Akaroa Museum is high on the Things to Do in Akaroa list. It’s open seven days a week, a good wet weather day activity and it’s FREE entry with interesting displays.
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Akaroa Museum Comte de Paris Exhibition encapsulated 180 years of French Settlement in Akaroa, showcasing some of the original settlers and their descendants that live across New Zealand, and one Marie Haley who still lives in the town and tells the stories of her ancestors with The Seventh Generation Tour Company.
Akaroa Museum * FREE
Open 7 days a week and entrance is FREE!! Akaroa Museum
71 Rue Lavaud, Akaroa. Opposite the Akaroa 4 Square and across from the Old Post Office, where The Seventh Generation Tours leaves from.
We arrive back to the Akaroa Museum at the end of the Akaroa Nature and History Tour, with enough time to drop in before the Akaroa Connection Bus back to Christchurch.
Akaroa Museum Opening Hours
Akaroa Museum is open seven days a week.
May to September (Winter hours): 10.30am to 4pm
October to April (Summer hours): 10.30am to 4.30pm
Closed Christmas Day and Anzac Day morning (25 April).
Akaroa Museum is home to the OLDEST house in Akaroa!!
It is the only surviving house constructed by French colonists in the early 1840s. Nationally important and is one of the oldest buildings in Canterbury.
Permanent Displays – French Heritage
On permanent display in the Akaroa Museum is a wide range of important information and treasures, from French settlement, and Maori history as well.
Heavily represented in the museum is the Lelievre family, (my ancestors) who breed fast and left numerous descendants and reminders. Including the marriage bed, their family photograph, writing desk and much more…
Etienne Francois Lelievre arrived in Akaroa as a blacksmith on the whaling ship the Nil, under an American commander. Lelievre built a hut in Akaroa and spent several months living ashore. He returned to France and came back to Akaroa in 1840 aboard the Comte de Paris as a crew member and continued as a blacksmith for Nanto Bordelaise Company.
Etienne is Marie Haley’s Great Great Great Grandad, who married Justine Rose de Malmanche, who arrived as an eight year old girl from France. Their eldest son Etienne Xavier married Louisa Helena Rodrigues who arrived as a young girl from the island of Madeira, Portugal.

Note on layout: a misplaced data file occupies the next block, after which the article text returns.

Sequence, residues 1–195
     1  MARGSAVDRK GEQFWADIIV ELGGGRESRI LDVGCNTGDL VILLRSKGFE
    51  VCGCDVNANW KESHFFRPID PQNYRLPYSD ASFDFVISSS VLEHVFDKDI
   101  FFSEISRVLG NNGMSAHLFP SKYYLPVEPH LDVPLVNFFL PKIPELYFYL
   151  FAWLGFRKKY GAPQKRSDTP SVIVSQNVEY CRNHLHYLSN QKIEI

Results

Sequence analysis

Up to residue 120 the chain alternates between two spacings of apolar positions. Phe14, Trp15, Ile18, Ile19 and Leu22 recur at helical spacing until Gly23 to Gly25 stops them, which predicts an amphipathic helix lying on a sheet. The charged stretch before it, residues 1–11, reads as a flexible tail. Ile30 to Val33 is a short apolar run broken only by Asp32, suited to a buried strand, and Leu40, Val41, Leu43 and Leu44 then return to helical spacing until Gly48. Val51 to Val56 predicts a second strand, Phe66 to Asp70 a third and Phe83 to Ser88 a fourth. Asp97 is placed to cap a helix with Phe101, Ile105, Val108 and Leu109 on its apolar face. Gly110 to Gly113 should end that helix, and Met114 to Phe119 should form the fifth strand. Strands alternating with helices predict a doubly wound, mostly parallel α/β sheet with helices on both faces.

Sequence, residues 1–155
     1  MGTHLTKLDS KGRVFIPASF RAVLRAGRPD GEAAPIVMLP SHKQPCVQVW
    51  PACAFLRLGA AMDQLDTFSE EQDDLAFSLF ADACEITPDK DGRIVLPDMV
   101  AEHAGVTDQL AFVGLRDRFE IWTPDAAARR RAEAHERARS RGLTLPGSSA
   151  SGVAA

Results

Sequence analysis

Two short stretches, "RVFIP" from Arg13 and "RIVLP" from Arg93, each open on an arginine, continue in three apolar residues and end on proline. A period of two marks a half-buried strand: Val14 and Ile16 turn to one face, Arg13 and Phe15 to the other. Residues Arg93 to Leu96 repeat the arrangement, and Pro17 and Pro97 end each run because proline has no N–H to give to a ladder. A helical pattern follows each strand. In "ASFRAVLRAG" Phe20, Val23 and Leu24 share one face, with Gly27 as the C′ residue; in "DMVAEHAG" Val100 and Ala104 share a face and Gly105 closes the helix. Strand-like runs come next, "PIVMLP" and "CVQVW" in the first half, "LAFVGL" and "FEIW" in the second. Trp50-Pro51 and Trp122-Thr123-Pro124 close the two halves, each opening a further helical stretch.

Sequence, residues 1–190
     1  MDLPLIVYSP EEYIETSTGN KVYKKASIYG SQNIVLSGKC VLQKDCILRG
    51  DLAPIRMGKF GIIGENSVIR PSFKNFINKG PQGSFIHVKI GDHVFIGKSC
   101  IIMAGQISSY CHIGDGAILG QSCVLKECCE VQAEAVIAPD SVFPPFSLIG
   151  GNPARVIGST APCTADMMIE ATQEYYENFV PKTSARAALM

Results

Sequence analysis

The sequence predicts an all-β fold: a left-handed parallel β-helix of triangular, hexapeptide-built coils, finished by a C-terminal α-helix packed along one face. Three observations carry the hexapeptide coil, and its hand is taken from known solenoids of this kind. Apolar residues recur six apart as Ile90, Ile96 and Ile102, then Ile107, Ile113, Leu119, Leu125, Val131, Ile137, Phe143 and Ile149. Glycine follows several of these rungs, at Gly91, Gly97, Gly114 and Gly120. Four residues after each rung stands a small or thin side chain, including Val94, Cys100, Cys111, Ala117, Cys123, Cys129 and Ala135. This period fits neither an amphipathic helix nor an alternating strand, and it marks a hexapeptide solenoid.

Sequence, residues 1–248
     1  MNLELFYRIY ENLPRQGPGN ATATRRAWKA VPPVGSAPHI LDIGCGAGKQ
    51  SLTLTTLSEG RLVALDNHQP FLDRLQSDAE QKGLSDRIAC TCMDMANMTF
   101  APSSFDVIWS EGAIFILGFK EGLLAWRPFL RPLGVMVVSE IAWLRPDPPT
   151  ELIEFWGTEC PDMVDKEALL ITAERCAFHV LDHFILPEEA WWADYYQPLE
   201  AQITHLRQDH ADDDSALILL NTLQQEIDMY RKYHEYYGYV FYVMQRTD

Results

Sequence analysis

In the 1830’s many French whaling ships came to Banks Peninsula each year. In 1837 the first European built a hut in Akaroa, Etienne Francois Lelievre, there he planted the famous napoleon willow next to his hut.
I was honored to be chosen as the only local resident in the Akaroa Museum Comte de Paris Exhibition display of the Comte de Paris descendants 180th celebration. In this beautiful temporary exhibition a selection of descendants were shown for what it means to them to be connected to the first French settlers in Akaroa. Here’s my take on living in one place for seven generations.
“This deep sense of connection moves me to tell stories with my own tour company, The Seventh Generation.”
Knowing who I am gives me the ground to stand on, to know where I am going –tūrangawaewae. Like the tall totara tree that once covered Banks Peninsula from summit to sea. They dig in their feet and stand firm through the strongest storms and their memory is long.
This is how I know the land, over seven generations through all the changes that have taken place. My Great-grandmother spoke of a forest fire that burnt for three months. I saw the last tui, and the first.
From knowing my history, I draw on a deep well of hope for the future. I know how far we have come; my great-great-great-great-grandmother, Rose Victoire Joanne de Malmanche, gave birth to the first born European child in Canterbury, in a tent by the sea, how much easier we have it now! (His christening gown was also in the Akaroa Museum Comte de Paris Exhibition). How we decimated the ecosystems, and how nature is already returning, faster than we could have imagined.
I have always walked in the footsteps of my ancestors and carry the responsibility to create a more beautiful, abundant place with stronger vitality (mauri). For I am not separate to this place, and you could not separate me from this place.
This deep sense of connection moves me to tell stories, with my own tour company and school education trips, so others can connect to both this place and their own history.
READ this list of 9 amazing historic places to visit including – Akaroa Museum
There are so many Akaroa hidden gems and Akaroa Attractions. Really you need a week here!
Don’t miss also the Okains Bay Museum filled with Maori artefacts and treasures, it really is worth the visit.
Other Akaroa Attractions and Historic Places of Interest
Takapūneke – read about it HERE
BEST to take a GUIDE
You will get so much more out of visiting the historic places of Akaroa with a guide, and really there is no other historic guide who will take you to the best hidden gems. A seventh generation local, natural storyteller and expert historian of the local stories.
Historian Harry Evison stated that Akaroa has a ‘richer set of narratives around the nations identity than Waitangi’ (Waitangi is often considered New Zealand’s most important historic site). NO ONE tells this story like Marie: Join her Today.